We choose how we engage with the news. With other people. With ourselves. So let’s have respect for ourselves, for others, and for our time. When you see someone’s holiday photos you should be able to feel joy for them, not jealousy, because you have filled your own time with things that make you feel joy.

**

Last year I realised that I was not doing something that has always brought me intense joy: reading and writing.

I have always written diaries. I have always devoured books, sitting for hours and hours just churning through stories. Thinking about it, I realised just how much time in my day I was spending staring blankly at a show I’m not that invested in. Just how long I spend scroooolling scrolling scrolling down my social media feeds.

So now, about an hour before I want to sleep I stop engaging with my phone, wrap up what I’m  doing, go do the nightly routine and make my way to bed. Then, once in bed, I read until I feel relaxed and sleepy, then without checking the time I turned the light off, roll over, and relax until I snooze.

Bliss.

I sleep better. I wake more relaxed. I feel like I empty my mind of my worries and get carried away in a story not my own off into my dreams.

**

[If I asked you “are you happy with how you spent today?” what would you say?]

 

Kiran Bedi

Let’s dive straight into Kiran Bedi – the first woman to join the Indian police force.

Here is a quick summary of Kiran’s life:

  • Kiran was one of four daughters.
  • Growing up, her father disobeyed traditional expectation and educated all four daughters.
  • She has an undergraduate degree in English, a master’s degree in political science, a law degree and a Ph.D. in social science (focus: drug abuse, domestic violence).
  • Kiran was a professional tennis player (winning Delhi’s first ever women’s festival sports title in 1975)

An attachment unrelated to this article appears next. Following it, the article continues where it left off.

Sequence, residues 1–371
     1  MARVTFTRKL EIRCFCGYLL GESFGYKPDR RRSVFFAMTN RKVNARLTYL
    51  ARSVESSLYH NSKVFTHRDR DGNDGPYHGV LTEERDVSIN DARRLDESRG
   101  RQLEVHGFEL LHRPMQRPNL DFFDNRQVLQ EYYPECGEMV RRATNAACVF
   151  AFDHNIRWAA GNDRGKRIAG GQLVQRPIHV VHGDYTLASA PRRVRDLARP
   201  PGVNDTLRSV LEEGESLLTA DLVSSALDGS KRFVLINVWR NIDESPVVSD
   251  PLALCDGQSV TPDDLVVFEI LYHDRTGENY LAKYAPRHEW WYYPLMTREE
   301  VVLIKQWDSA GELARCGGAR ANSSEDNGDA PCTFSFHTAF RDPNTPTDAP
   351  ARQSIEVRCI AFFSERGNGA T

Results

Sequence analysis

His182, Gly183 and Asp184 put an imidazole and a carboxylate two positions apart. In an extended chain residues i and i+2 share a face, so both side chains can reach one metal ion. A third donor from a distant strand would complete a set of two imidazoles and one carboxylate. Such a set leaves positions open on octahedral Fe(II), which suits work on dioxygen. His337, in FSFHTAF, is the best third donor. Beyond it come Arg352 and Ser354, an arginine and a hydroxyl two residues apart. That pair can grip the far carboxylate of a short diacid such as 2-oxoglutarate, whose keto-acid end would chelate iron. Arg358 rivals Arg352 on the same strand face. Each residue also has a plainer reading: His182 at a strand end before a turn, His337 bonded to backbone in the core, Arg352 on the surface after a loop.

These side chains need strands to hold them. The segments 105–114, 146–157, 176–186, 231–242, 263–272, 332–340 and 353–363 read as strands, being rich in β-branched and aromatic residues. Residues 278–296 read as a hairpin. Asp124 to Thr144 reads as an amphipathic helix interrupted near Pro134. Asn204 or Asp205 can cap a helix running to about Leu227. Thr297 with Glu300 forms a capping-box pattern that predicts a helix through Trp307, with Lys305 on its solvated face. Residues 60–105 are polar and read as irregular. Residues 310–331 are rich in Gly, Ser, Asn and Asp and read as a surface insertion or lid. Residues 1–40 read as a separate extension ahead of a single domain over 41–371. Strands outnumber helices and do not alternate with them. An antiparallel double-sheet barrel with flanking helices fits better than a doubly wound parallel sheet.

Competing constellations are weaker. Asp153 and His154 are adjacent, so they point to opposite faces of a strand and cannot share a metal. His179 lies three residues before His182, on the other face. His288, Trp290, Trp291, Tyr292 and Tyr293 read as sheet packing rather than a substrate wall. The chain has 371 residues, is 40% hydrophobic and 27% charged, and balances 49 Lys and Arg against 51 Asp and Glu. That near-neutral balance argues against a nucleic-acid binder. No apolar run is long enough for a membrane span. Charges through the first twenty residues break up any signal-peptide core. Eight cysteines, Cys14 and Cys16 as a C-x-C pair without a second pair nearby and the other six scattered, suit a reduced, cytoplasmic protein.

• In 1972 Kiran became the first female police officer in India.
  • Kiran was sent to work in the prison system and used this as an opportunity to introduce a volunteer education program, including a meditation program.
  • In 2003 Kiran was appointed to the United Nations as a civilian police advisor.
  • Kiran has been awarded the President’s Gallantry Award (1979), the Asia region award for Drug Prevention and Control (1991), the Magsaysay Award for government service (1994), the Joseph Beuys Award (1997), the Mother Teresa Memorial National Award for Social Justice (2005) and the Serge Soitiroff Memorial Award for drug abuse prevention by the United Nations.

You can listen to a fantastic TedTalk by Kiran here (you may be picking up that I do love a good TedTalk – I am always happy to take suggestions!). In the talk, Kiran speaks about her approach to policing and how influential (and alternative) it was to the system she was entering. She sees policing as having a preventative role, not just the traditional role of response to acts and corresponding punishment.

There is a wonderful story she speaks of where she once gave the Prime Minister a ticket. The absolute inner-strength and conviction in justice is outstanding. After this happened, Kiran was shifted into correctional facilities, which was a common move for “problem” officers. I am certain she would have felt at times a feeling that her career would be over with that move. But instead of allowing that to happen, Kiran instead set up educational services for prisoners. She found people to volunteer their time and donate their goods to help those prisoners learn to read and write and up-skill.